Category: Advocacy, Bicycle Friendly Destination, Bike Shop, Community, Event, Events, Get Involved, How to Help | Tags: , , , ,

Today is Giving Tuesday, and Omaha Bikes can use your support today, tomorrow, and in the future. As we approach our ‘off season’ for events, we focus on community impact, planning for 2017, and our favorite signature event: Bike De’Lights! Make sure an join us for an evening enjoying of holiday decorated bicycles and enjoying our festive city by bike!

2016 is a landmark year for Omaha Bikes. This year we accomplished the following:

  • Secured funding to expand event bike parking
  • Hired first employee since 2014 reorganization
  • Increased bicycle event parking equipment to over 200 bike capacity
  • Increased bicycle valet parking from 2 to 10 events
  • Saved over 700,000 kg of emissions with event parking
  • Advocated for improved bike trail closure process
  • Hosted the first Omaha Bike Congress
  • Guaranteed maintenance agreements for 20 new Bike Fixit stations in 2017
  • Cranksgiving – Coordinated with local bike shops to deliver 1000 lbs of supplies to the Siena/Francis House by bike!
  • Secured bike safety education in Metro Transit bus driver training curriculum

As we look to 2017, our goals are set even higher:

  • Continue current programs
  • Expand bike event parking to 15 events
  • Expand event parking equipment by 50%
  • Expand permanent bike parking rack program to entire metropolitan area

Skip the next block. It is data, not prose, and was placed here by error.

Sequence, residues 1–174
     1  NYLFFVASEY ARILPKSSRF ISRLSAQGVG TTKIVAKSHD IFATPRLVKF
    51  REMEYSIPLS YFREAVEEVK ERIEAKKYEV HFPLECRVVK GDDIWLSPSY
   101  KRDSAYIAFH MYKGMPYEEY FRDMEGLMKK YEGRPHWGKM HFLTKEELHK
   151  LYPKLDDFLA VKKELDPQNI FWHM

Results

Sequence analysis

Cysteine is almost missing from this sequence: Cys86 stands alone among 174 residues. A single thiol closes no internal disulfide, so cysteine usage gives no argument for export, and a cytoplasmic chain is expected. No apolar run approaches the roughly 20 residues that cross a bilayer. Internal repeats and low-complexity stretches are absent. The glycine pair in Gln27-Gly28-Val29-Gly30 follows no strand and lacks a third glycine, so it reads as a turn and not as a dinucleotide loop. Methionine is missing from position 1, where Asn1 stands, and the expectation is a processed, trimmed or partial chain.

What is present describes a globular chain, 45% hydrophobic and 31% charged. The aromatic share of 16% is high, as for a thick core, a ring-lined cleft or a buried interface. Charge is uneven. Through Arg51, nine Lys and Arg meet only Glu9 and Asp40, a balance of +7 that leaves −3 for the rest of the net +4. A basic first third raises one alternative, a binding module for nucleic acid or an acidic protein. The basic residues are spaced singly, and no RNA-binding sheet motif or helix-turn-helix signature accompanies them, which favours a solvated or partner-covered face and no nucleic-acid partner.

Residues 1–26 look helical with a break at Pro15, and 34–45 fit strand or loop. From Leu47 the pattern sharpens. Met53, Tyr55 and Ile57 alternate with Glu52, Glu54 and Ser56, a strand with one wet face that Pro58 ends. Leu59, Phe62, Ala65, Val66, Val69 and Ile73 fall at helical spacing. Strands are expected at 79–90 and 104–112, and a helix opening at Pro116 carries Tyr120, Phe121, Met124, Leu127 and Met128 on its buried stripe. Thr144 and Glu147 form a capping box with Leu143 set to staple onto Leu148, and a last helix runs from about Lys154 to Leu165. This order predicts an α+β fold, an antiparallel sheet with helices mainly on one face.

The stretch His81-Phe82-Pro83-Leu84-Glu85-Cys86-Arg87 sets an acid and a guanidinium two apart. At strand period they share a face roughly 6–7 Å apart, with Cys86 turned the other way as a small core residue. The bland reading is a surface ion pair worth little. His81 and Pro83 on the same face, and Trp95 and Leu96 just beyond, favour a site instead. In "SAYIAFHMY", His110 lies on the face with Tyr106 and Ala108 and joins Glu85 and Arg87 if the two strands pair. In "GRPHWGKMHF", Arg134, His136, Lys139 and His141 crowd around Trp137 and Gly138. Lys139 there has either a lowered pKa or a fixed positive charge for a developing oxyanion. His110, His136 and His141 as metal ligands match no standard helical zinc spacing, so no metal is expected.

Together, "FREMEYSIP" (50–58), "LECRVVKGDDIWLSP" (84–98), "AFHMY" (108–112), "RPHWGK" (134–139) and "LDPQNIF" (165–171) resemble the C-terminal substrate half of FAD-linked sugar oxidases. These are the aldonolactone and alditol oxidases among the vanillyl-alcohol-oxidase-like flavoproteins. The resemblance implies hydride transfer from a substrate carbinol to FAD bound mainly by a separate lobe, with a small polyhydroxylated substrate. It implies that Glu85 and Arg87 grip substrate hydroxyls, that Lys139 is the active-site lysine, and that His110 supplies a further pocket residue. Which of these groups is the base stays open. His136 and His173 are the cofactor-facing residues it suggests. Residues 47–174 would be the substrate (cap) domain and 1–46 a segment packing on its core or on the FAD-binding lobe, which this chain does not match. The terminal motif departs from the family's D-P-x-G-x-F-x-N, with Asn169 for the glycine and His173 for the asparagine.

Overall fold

• Represent Omaha at the National Bike Summit
  • Guarantee bicycle event parking requirements for events
  • Update website with bike valet integration
  • Create and implement comprehensive bicycle education to all road users
  • Provide funding for children’s bike safety education
  • Expand Bicycle-Friendly Destination program
  • Secure maintenance agreements for and repair existing Bike Fixit stations

To accomplish our 2017 plan, we have applied for over $60,000 in grants from area foundations. Many of these would be awarded shortly after the first of the year, but there’s no guarantee. Even with full grant funding, we will still be short on general operating expenses. With our current funds near depletion, we need your help to continue our mission.

If you can’t give today, please consider Omaha Bikes and many of your favorite charities this season.

You can support us in many ways, and your donations are tax-deductible!

 

On a personal note:

To Omaha Bikes’ Board of Directors, thank you for making this year possible. I don’t know where I’d be without your leadership, confidence, and guidance.

To the amazing group of volunteers, your passion for bicycling is incredible. Thank you enduring the hot sun, pouring rain, and all the other battles of the elements!

Many thanks to partnering organizations for your support and encouragement.